publisher not identified, 1895 - Science
Since Jan. 1901 the official proceedings and most of the papers of the American Association for the Advancement of Science have been included in Science.
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Abbildungen Academy American anatomy animals annual argon astronomical Auflage Biology Botany cells centrosomes character chemical Chemistry Cloth Columbia College course Cretaceous discussion earth edition electric energy Engineering experiments fact fauna Figuren flora fossil Frederick Bedell geographical Geological germ give given glacial growth Hart Merriam Henry Henry Fairfield Osborn Hertz ical illustrated important interest investigation Ira Remsen Joseph Le Conte Journal known laboratory latitude lectures London Lord Kelvin magnetic mathematical means measure mechanical meeting ment method Notes O. C. Marsh observations organism original ovipositor paper period Physics Physiology plants Potomac formation present President Prof Professor publication published recent region relation Royal Scientific Literature Seiten Society species student surface tain temperature Text theory tion United University valley variation volume W. M. Davis Washington York Zoology
Page 3 - If to do were as easy as to know what were good to do, chapels had been churches and poor men's cottages princes' palaces. It is a good divine that follows his own instructions : I can easier teach twenty what were good to be done, than be one of the twenty to follow mine own teaching.
Page 45 - ... we feel sorry because we cry, angry because we strike, afraid because we tremble, and not that we cry, strike, or tremble because we are sorry, angry, or fearful, as the case may be.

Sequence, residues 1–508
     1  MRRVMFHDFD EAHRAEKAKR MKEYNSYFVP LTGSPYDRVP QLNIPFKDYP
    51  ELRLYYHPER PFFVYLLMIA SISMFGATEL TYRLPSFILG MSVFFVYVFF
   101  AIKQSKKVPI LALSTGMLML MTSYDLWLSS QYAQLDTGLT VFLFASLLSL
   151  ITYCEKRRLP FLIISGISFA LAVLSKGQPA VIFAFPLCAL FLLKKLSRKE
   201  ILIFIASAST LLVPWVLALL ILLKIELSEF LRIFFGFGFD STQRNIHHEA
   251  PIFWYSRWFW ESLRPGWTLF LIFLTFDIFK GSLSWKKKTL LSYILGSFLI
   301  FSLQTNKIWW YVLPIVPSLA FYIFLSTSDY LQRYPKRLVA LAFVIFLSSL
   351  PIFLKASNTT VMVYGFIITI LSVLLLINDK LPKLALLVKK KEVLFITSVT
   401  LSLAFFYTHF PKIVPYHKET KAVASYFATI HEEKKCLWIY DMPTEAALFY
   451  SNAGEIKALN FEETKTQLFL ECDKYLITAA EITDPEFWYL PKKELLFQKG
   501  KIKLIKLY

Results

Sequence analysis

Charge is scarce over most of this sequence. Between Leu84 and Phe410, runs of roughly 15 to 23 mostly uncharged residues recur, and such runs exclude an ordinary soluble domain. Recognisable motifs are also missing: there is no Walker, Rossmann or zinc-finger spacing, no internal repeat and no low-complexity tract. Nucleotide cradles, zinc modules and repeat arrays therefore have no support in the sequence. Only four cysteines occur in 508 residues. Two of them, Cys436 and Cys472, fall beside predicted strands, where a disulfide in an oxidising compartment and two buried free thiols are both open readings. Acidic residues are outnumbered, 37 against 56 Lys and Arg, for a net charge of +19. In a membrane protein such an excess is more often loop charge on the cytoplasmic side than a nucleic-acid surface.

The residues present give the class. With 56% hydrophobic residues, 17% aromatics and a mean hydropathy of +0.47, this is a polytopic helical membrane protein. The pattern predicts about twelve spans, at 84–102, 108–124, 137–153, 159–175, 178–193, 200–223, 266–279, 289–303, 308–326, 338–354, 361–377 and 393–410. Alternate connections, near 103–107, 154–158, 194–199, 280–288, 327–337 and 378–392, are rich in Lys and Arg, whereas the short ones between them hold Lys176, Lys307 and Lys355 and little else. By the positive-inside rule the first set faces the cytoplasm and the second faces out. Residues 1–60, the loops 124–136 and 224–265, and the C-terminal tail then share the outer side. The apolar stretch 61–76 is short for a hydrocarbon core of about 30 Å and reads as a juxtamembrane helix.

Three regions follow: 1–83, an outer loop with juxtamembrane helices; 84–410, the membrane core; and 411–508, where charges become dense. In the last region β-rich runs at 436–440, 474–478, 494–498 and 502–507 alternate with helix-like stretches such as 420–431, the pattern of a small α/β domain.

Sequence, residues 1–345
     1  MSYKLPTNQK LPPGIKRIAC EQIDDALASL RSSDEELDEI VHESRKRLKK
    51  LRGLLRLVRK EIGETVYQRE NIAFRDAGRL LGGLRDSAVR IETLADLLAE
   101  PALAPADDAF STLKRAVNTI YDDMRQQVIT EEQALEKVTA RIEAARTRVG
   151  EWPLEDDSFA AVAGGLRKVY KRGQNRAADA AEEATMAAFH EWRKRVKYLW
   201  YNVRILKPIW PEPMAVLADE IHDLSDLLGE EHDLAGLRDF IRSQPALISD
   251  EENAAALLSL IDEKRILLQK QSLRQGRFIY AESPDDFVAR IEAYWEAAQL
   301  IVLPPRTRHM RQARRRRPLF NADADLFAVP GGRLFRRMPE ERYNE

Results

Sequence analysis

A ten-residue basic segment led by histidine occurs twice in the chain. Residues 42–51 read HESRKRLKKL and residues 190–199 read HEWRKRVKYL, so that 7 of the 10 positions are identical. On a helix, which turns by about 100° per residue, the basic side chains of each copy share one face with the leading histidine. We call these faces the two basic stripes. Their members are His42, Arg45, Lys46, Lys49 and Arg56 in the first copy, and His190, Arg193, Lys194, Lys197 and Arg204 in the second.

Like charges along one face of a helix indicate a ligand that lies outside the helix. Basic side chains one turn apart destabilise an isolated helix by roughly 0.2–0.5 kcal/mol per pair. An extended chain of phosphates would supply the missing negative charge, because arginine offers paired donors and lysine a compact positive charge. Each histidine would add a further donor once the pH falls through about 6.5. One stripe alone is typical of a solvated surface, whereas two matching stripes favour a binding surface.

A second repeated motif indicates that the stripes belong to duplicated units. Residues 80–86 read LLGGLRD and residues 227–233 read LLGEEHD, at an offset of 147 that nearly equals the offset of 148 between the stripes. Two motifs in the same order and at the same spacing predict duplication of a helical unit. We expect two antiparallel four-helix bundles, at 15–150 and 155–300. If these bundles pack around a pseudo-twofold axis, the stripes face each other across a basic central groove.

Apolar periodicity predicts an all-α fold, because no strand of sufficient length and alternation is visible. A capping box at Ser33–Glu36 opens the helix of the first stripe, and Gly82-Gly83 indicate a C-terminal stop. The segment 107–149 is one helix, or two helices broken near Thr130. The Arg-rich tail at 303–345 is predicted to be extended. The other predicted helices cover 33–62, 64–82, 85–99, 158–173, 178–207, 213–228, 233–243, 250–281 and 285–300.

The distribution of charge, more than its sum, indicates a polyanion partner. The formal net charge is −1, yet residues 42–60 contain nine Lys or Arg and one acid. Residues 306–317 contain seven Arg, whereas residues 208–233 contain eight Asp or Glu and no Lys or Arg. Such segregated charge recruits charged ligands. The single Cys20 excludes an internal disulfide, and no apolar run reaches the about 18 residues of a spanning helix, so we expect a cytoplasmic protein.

Page 56 - Works by WILLIAM A. TILDEN, D.Sc. London, FRS, Professor of Chemistry in the Royal College of Science, South Kensington. A SHORT HISTORY OF THE PROGRESS OF SCIENTIFIC CHEMISTRY IN OUR OWN TIMES. Crown 8vo., y.
Page 12 - ... As a unit of electromotive force, the international volt, which is the electromotive force that, steadily applied to a conductor whose resistance is one international ohm, will produce a current of one international ampere, and which is represented sufficiently well for practical use by \\\% of the electromotive force between the poles or electrodes of the voltaic cell known as Clark's cell, at a temperature of 15° C., and prepared in the manner described in the accompanying specification...
Page 13 - Ampere, which is one-tenth of the unit of current of the CGS system of electromagnetic units and which is represented sufficiently well for practical use by the unvarying current which, when passed through a solution of nitrate of silver in water, in accordance with a certain specification, deposits silver at the rate of 0.001118 of a gramme per second.
Page 294 - Ohm, which is based upon the ohm equal to io9 units of resistance of the CGS system of electromagnetic units, and is represented by the resistance offered to an unvarying electric current by a column of mercury at the temperature of melting ice, 14.4521 grammes in mass of a constant cross-sectional area, and of the length of 106.3 centimetres.
Page 522 - This is an excellent book, and should be in the hands of all who are interested in the construction and design of medium-sized stationary engines. . . . A careful study of Its contents and the arrangement of the sections leads to the conclusion that there is probably no other book like It in this country. The volume aims at showing the results of practical 'experience, and it certainly...
Page 391 - Lastly, physical investigation, more than anything besides, helps to teach us the actual value and right use of the Imagination — of that wondrous faculty, which, left to ramble uncontrolled, leads us astray into a wilderness of perplexities and errors, a land of mists and shadows; but which, properly controlled by experience and reflection, becomes the noblest attribute of man; the source of poetic genius, the instrument of discovery in Science, without the aid of which Newton would never have...
Page 12 - As a unit of resistance, the international ohm, which is based upon the ohm equal to 10" units of resistance of the CGS system of electromagnetic units, and is represented by the resistance offered to an unvarying electric current by a column of mercury at the temperature of melting ice, 14.4521 grams in mass, of a constant cross-sectional area and of the length of 106.3 centimetres.